|Publication number||US4461773 A|
|Application number||US 06/567,411|
|Publication date||24 Jul 1984|
|Filing date||5 Jan 1984|
|Priority date||15 Sep 1982|
|Publication number||06567411, 567411, US 4461773 A, US 4461773A, US-A-4461773, US4461773 A, US4461773A|
|Inventors||Walter A. Gregory|
|Original Assignee||E. I. Dupont De Nemours And Company|
|Export Citation||BiBTeX, EndNote, RefMan|
|Patent Citations (13), Referenced by (65), Classifications (5), Legal Events (7)|
|External Links: USPTO, USPTO Assignment, Espacenet|
This application is a continuation-in-part of my copending application U.S. Ser. No. 417,569, filed Sept. 15, 1982, now abandoned which is a continuation-in-part of copending application U.S. Ser. No. 327,583, filed Dec. 4, 1981, now abandoned.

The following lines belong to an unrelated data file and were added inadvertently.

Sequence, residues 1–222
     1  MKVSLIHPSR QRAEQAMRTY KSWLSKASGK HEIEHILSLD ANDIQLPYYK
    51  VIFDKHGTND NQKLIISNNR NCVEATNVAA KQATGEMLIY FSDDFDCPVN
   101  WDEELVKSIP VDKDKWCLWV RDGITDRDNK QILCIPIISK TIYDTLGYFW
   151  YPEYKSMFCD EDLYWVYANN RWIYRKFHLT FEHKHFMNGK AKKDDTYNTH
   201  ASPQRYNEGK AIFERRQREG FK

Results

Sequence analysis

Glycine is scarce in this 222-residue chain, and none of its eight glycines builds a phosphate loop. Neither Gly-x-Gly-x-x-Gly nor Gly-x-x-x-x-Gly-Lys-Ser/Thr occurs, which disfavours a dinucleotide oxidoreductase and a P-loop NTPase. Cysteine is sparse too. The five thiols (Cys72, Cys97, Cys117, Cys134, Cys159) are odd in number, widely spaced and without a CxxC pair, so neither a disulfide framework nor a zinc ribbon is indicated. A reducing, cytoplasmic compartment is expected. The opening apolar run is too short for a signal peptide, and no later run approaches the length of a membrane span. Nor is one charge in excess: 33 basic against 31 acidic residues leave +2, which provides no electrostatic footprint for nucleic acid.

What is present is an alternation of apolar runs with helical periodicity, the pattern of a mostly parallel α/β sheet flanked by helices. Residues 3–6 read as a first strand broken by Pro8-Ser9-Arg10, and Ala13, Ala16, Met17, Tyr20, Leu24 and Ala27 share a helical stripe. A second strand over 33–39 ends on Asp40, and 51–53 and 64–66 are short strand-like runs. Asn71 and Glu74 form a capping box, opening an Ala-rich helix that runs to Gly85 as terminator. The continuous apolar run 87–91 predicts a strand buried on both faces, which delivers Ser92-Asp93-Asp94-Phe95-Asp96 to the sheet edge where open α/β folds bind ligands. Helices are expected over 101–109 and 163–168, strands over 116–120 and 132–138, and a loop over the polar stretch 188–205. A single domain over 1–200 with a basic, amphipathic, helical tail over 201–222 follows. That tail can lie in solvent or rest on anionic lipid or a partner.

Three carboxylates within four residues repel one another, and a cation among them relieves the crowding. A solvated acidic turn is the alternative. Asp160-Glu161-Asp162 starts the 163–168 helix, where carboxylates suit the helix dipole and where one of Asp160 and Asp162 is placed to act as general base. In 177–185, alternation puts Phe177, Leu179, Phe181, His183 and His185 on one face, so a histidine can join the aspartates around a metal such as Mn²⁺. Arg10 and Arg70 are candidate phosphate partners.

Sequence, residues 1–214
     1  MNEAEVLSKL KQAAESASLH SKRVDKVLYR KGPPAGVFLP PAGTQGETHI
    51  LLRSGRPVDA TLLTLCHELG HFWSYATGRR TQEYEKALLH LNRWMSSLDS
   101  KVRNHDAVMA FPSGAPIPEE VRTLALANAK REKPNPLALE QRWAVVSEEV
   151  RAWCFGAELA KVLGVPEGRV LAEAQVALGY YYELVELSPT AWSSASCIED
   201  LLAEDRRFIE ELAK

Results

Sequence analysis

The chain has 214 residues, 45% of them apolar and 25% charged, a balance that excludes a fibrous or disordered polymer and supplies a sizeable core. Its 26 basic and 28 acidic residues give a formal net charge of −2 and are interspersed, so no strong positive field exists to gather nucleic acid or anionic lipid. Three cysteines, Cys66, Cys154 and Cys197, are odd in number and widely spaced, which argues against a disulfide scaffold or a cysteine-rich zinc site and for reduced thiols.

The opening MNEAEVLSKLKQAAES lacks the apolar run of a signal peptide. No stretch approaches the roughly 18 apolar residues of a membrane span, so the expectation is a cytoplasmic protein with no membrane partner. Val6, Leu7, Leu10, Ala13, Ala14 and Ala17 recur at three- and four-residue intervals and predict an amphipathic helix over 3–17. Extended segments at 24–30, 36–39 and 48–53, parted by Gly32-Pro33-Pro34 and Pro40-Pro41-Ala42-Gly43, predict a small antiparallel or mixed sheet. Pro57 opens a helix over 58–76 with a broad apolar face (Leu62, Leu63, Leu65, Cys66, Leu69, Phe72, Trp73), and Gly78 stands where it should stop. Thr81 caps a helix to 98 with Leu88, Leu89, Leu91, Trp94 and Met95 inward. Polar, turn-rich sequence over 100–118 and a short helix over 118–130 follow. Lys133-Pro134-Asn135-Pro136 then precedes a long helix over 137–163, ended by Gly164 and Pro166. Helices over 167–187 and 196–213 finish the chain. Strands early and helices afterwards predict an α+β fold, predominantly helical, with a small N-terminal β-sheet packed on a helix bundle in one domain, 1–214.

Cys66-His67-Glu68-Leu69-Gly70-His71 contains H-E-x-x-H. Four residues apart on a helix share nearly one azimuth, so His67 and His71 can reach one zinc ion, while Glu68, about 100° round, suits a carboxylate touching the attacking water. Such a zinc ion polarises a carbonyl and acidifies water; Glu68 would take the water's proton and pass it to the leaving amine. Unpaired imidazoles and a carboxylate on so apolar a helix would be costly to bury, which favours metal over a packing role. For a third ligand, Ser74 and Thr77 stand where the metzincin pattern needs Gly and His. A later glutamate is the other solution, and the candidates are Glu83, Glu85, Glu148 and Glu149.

U.S. Pat. No. 4,128,654, to Fugitt et al. discloses, among others, compounds of the formula: ##STR1## where
X=Cl, Br or F;
R=C1 -C3 alkyl; and
n=0, 1 or 2.
The compounds are disclosed as being useful in controlling fungal and bacterial diseases of plants.
U.S. Pat. No. 4,150,029 to Dostert et al. teaches the following compounds as antidepressants: ##STR2## where R is --SR4, --NO2, --CN, --CHO or --COCH3 where R4 is alkyl having 1 to 4 carbon atoms or cyclohexyl.
U.S. Pat. No. 4,340,606 to Fugitt et al discloses antibacterial agents of the general formula: ##STR3## where
R1 =CH3, C2 H5, CF2 H, CF3 or CF2 CF2 H; and
This invention relates to novel compounds of Formula I ##STR4## wherein, for the l, and mixtures of the d and l stereoisomers of the compound.
R1 is R2 SO2, ##STR5##
R2 is --NR3 R4, --N(OR3)R4, --N3, --NHNH2, --NX2, --NR6 X, --NXZ, ##STR6## or --N═S(O)n R8 R9 ;
R3 and R4 are independently H, alkyl of 1-4 carbons or cycloalkyl of 3-8 carbons;
R5 is NR3 R4 or OR3 ;
R6 is alkyl or 1-4 carbons;
R7 is alkyl or 1-4 carbons, optionally substituted with one or more halogens;
R8 and R9 are independently alkyl of 1-4 carbons or, taken together are --(CH2)p --;
R10 is H, alkyl of 1-3 carbons, ##STR7##